There will be many storylines heading into the Pens’ Second Round series against the Washington Capitals. But there is one matchup that could ultimately prove to be the difference in the series.
The Capitals power play vs. the Pens penalty kill.
Special teams are always important. But they have a heightened sense of importance when two great, evenly matched teams go head-to-head.
“It’s a big challenge, there is no question that they’re one of the top power plays in the league,” head coach Mike Sullivan said. “They have a lot of threats. It’s hard to key on any one particular threat. We have some ideas on what we think we’ll try to do to negate their success. But we have a lot of respect for their power play.”
Washington boasted the NHL’s fifth best power play with a 21.9-percent conversation rate (55 for 251) in 2015-16. The Caps exploded for five man-advantage goals in their First Round series against Philadelphia, going 8-for-27 during those six games.
“They have a lot of weapons. They have a lot of options,” forward Carl Hagelin said. “It’s one of those things. You have to watch video, pay attention to detail and hopefully execute when you get out there on the PK.”
Hagelin’s sentiment of Washington’s balanced attack was shared and repeated by all of his teammates when asked about the Caps power play.
The Capitals’ balance of skill on their power play comes from Alex Ovechkin and Nicklas Backstrom working to the walls, John Carlson and Matt Niskanen on the points and either T.J. Oshie or Marcus Johansson working in the slot/net-front.
“They have a great puck-mover in Backstrom and everything runs through him,” said goaltender Matt Murray, who faced the Caps’ power play twice during the regular season. “(Backstrom is) a threat to shoot as well. He’s got a pretty good wrister. He’s a threat on the left side. They have a huge right shot off the right side with Ovechkin.”
While everything funnels through Backstrom, the play tends to be finished by Ovechkin. He led the NHL with 19 power-play goals on this season. In fact, Ovechkin has led the league in man-advantage goals in each of the past four seasons.
“Ovechkin can shoot the puck with the smallest of windows and score very frequently,” defenseman Ian Cole said.
Ovechkin is probably most noted for his monstrous one-timers from the left circle. He has filled many highlight reels with that swing. Stopping Ovechkin poses its own challenges.
For a goaltender facing that Ovechkin one-timer, the best attack method would be to square up as quickly as possible and then cut down the angle of the shot.
“You’d like to be a little bit more aggressive on Ovechkin if you have the chance,” Murray said. “Sometimes it’s such a bang-bang play that you don’t have a chance to gap up. If you have the extra second you want to be a bit more aggressive.”
But even playing Ovechkin aggressively can end up burning a goalie.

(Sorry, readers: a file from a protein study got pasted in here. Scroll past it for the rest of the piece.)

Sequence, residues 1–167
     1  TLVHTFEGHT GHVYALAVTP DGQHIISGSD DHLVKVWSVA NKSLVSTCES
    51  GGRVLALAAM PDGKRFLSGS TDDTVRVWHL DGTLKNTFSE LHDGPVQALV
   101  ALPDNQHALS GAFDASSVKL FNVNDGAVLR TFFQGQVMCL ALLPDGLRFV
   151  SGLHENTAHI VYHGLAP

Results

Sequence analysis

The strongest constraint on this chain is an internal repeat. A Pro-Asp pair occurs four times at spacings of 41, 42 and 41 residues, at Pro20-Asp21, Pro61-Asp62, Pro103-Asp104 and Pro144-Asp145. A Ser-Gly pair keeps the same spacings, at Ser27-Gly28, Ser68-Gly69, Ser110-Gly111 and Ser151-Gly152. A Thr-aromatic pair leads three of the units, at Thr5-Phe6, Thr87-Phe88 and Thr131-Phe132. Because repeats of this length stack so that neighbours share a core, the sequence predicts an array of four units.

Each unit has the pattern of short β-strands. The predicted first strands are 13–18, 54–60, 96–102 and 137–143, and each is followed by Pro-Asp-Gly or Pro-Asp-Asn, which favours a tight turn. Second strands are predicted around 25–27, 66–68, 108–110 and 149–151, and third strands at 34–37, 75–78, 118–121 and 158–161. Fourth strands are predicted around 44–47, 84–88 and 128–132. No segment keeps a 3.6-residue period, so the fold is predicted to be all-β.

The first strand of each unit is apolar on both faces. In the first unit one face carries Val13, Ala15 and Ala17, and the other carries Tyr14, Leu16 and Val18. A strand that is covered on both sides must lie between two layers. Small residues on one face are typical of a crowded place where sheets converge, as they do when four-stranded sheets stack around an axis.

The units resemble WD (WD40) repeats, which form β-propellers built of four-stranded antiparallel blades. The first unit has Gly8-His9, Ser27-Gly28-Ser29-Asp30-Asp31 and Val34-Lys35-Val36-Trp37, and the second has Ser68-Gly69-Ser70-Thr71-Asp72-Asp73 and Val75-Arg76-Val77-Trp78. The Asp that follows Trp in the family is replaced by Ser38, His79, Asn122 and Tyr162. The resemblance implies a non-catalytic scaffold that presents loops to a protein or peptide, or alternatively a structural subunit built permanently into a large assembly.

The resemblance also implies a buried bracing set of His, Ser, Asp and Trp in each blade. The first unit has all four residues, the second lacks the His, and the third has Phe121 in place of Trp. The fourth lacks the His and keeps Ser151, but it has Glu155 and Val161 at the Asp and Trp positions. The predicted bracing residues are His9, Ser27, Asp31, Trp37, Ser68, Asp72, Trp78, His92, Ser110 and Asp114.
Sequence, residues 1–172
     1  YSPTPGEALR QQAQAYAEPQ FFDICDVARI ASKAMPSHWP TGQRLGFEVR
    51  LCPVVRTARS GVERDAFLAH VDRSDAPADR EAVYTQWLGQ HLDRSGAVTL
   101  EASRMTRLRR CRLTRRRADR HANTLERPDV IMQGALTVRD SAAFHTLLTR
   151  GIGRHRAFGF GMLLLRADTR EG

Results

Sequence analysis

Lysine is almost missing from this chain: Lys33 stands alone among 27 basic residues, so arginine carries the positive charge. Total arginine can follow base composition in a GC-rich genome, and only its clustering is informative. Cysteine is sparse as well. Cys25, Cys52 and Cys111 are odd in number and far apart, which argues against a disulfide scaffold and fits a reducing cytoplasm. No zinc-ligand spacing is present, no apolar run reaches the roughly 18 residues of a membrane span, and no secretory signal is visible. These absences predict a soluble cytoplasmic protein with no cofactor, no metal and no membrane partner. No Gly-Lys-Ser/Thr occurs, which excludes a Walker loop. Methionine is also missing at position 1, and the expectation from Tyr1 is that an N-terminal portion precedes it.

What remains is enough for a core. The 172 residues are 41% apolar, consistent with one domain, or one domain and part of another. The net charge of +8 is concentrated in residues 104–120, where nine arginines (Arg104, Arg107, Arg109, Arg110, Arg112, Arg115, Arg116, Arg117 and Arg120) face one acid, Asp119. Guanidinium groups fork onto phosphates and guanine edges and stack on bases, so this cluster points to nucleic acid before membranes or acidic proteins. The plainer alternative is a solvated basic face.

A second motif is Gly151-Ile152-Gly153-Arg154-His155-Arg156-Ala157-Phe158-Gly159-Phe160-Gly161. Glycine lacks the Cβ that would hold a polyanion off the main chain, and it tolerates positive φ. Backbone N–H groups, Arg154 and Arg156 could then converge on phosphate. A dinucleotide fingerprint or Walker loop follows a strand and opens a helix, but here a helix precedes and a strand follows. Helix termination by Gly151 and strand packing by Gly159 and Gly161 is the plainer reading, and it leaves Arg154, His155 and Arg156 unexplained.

“He can throw it to the backdoor if you’re being too aggressive,” Murray said. “You have to be aware, but not overly aware as to play one guy and forget about the other options. It’s a balancing act.”
Another tactic is to isolate Ovechkin and eliminate him as an option.
“Some teams stand a guy right next to him to completely take him out of the play,” Cole said. “Then you’re playing a 4-on-3 for the other half of the ice. But they have personnel that can burn you at 4-on-3.”
The Pens’ PK is at its best when it is pressuring and taking away passing lanes. But with the skill on the Caps’ roster, Pittsburgh will have to be more calculated in its approach.
“The general feeling is when they have their back turned or the pucks bobbling that you want to be aggressive,” Cole said. “I’ve seen Backstrom do that purposely to have you come in, then slide it through you to the middle guy. Then it’s a 2-on-1 net-front with Oshie or Ovechkin walking down Main Street.”
But something to keep in mind is that while the Caps power play may be one of the best in the league, the Pens PK is also one of the best in the NHL. Pittsburgh finished fifth in the league with an 84.4-percent success rate.
“We have some core parts of our system that we take and you have a comfort level with the guys that you’re killing with,” veteran forward Matt Cullen said. “We’ve done a pretty decent job up until this point of killing. You lean on that a little bit, but every series and power play is a different challenge. So you have to adapt accordingly.”
It certainly is a challenge, but the Pens’ PKers are looking forward to the challenge.
“Anytime you can keep the power play off the scoreboard you really help your team a lot,” Cole said. “We give ourselves a chance to win. If you can do it against a power play as special as Washington’s, you feel really good about yourself.
“The coaches will look at some video and figure out the best way to attack Game 1 and we’ll go from there.”